Uncovering genetic link leads to better treatment
Certain types of high cholesterol can have a genetic link. This inherited disorder is called familial hypercholesterolemia (FH). Hypercholesterolemia is the medical term for high cholesterol in the blood. FH is caused primarily by a genetic defect on chromosome 19, which prohibits the body from effectively removing low-density lipoproteins (LDL), sometimes called “bad cholesterol,” from the blood.
Familial hypercholesterolemia is a condition characterized by severe, lifelong elevation of LDL cholesterol. FH is a significant public health problem and puts patients at a 20 times higher long-term risk for coronary heart disease and atherosclerotic cardiovascular disease.
With early diagnosis, cholesterol-lowering medications and aggressive therapy, patients with FH can effectively manage their cholesterol levels and reduce their risk for atherosclerosis and coronary heart disease to rates that are comparable with the general population.
Who Is at Risk For Familial Hypercholesterolemia?
Patients with close family members who had early-onset heart disease – including male relatives who had a heart attack or stroke before age 55 or female relatives who experienced a heart attack or stroke before age 60 – may be at increased risk of familial hypercholesterolemia.
You may also be at risk for FH if you have had:
· A heart attack or stroke before age 55 (for men) or 60 (for women).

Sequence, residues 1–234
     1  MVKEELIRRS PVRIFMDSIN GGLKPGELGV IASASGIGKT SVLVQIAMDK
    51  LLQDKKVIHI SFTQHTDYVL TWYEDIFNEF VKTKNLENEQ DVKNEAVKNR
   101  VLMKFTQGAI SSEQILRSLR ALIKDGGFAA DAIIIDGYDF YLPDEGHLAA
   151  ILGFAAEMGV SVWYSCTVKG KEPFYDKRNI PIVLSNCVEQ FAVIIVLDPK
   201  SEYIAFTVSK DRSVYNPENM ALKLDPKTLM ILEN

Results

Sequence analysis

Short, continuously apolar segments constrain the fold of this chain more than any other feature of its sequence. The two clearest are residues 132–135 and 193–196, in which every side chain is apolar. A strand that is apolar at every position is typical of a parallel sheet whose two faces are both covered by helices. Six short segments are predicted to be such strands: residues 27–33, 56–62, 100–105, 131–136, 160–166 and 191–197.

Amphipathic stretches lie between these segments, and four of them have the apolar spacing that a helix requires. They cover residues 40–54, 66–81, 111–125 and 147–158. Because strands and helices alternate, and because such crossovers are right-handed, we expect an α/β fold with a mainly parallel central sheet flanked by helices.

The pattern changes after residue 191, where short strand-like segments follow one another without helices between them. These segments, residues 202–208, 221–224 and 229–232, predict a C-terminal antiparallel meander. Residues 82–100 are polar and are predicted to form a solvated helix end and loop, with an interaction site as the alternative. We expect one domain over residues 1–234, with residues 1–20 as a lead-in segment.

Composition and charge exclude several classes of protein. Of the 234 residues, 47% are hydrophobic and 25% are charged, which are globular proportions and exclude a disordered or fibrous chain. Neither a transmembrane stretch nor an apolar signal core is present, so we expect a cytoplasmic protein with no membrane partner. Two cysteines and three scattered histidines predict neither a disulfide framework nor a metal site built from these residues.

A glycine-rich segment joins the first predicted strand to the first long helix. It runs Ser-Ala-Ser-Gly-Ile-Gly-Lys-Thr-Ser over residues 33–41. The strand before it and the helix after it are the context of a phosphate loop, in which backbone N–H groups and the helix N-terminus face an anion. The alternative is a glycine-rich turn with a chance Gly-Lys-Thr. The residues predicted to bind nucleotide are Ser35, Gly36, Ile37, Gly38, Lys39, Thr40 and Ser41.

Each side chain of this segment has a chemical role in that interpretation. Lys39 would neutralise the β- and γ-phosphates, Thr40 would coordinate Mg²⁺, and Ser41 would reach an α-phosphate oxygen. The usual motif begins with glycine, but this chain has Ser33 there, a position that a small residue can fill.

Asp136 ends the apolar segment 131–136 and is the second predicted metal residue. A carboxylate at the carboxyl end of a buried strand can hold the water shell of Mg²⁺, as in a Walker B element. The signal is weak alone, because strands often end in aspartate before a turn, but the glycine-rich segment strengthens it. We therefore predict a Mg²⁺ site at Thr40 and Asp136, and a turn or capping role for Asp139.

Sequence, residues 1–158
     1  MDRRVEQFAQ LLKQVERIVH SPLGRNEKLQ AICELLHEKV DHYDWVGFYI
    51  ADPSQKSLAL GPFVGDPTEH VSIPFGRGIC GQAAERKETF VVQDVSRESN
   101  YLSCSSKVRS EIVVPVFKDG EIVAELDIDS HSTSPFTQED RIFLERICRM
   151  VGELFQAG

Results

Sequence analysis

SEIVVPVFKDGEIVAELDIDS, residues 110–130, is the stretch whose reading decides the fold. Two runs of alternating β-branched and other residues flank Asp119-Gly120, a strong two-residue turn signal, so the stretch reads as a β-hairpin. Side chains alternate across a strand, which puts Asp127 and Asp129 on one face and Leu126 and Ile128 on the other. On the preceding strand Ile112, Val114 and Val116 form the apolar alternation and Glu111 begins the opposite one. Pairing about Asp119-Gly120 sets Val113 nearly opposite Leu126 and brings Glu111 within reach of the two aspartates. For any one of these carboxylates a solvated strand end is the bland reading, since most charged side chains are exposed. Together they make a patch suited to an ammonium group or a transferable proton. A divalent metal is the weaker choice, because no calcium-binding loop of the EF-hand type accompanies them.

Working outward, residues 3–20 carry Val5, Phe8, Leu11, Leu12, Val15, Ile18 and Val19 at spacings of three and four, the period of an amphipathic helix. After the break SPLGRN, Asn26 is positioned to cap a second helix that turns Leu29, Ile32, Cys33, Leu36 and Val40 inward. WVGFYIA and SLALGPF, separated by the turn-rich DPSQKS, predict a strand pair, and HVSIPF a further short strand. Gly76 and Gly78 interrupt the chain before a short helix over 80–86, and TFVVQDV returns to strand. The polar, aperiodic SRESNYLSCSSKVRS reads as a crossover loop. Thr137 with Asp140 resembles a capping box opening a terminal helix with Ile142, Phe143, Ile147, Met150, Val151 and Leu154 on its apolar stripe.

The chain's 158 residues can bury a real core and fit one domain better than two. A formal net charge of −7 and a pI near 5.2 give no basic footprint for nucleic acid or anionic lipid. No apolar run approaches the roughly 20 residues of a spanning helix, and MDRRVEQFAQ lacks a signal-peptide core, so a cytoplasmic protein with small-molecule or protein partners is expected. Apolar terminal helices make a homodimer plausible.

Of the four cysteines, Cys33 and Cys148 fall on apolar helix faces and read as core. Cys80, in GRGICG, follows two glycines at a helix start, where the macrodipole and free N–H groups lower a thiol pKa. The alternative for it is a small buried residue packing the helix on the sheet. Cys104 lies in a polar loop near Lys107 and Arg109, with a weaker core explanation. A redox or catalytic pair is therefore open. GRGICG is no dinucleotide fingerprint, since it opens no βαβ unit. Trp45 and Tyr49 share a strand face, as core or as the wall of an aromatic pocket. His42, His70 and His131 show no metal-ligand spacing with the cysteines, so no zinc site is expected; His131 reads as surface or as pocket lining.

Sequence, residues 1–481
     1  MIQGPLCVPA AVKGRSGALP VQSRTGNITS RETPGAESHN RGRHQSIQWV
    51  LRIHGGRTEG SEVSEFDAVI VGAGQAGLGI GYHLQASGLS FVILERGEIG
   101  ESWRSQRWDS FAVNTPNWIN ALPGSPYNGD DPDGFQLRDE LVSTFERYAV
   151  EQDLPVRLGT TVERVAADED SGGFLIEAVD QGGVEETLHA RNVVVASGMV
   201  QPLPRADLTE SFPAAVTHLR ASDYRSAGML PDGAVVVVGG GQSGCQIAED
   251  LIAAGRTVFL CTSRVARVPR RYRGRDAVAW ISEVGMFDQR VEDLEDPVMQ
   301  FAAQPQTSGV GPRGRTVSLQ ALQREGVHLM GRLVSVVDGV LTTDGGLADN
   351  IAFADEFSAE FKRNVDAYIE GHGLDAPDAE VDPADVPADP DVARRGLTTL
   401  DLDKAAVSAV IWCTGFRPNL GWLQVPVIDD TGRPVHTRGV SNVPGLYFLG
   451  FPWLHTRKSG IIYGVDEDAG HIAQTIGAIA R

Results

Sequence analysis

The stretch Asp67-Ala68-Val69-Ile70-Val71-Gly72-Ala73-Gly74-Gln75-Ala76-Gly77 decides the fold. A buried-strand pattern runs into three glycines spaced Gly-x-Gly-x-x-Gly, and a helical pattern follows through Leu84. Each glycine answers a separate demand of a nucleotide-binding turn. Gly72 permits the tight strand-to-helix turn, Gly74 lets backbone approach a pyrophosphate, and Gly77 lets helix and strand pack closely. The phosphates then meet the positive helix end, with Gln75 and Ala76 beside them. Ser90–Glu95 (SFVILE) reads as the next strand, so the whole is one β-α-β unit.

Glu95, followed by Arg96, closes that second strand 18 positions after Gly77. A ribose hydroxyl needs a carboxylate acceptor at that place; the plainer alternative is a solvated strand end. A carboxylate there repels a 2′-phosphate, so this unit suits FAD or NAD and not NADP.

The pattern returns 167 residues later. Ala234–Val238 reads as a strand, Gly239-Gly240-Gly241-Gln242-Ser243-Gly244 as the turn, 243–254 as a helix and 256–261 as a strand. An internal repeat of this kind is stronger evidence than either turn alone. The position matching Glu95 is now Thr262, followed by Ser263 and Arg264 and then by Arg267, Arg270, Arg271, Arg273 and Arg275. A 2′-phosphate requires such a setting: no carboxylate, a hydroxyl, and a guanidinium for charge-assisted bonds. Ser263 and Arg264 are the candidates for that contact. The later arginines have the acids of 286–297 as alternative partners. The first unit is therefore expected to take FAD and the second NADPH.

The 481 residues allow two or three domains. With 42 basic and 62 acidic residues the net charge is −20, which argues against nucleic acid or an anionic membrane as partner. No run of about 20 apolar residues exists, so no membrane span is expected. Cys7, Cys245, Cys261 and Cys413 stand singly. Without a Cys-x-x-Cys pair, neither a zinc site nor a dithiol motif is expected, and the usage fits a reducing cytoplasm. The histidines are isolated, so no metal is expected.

· LDL levels above 190 at any time (even if it came down with medication).
· LDL levels above 130 while on cholesterol-lowering medication (statins).
· Bell’s palsy.
“Having long-standing hypercholesterolemia leads to a higher risk of experiencing a heart attack or stroke at a younger age,” explains Wael Eid, MD, an endocrinologist and a lipid specialist with St. Elizabeth Healthcare. “If you have risk factors for FH, you should talk to your doctor about aggressive or specialized care to help prevent heart attack and stroke for you or your family.”
FH is typically diagnosed through clinical observation of a patient’s lifelong cholesterol levels and family medical history. If needed, genetic testing might be done as well.
Treatments for Familial Hypercholesterolemia
Patients diagnosed with FH are encouraged to lower their cholesterol levels through lifestyle changes and prescribed medication. “FH can be easily diagnosed and treated to prevent the risk of further cardiovascular problems,” said Dr. Eid. The earlier the treatment, the better the outcomes.
Eliminating foods high in trans fats and saturated fats – including red meat, full-fat dairy products, fried foods, baked goods and fast food – is a key step in helping control cholesterol levels. Exercising more, quitting smoking, reducing alcohol intake and increasing fiber intake can also help lower LDL levels.
As important as these lifestyle modifications are, most FH patients need additional medical treatment in order to bring their cholesterol levels to safe values. Your provider may prescribe medications such as Crestor, Lipitor and others.
If patients are intolerant to these medicines, other excellent and safe alternatives are available. In some cases, a combination of medications might be needed.
What Should I Do If I Have Questions About My Cholesterol Levels?
If you have questions about your cholesterol levels – particularly if you have one of the risk factors outlined above – talk with your provider about whether you should be screened for familial hypercholesterolemia.
Existing or new patients can schedule an appointment online with a St. Elizabeth primary care provider by visiting https://www.stelizabethphysicians.com/care/access-to-care/scheduling.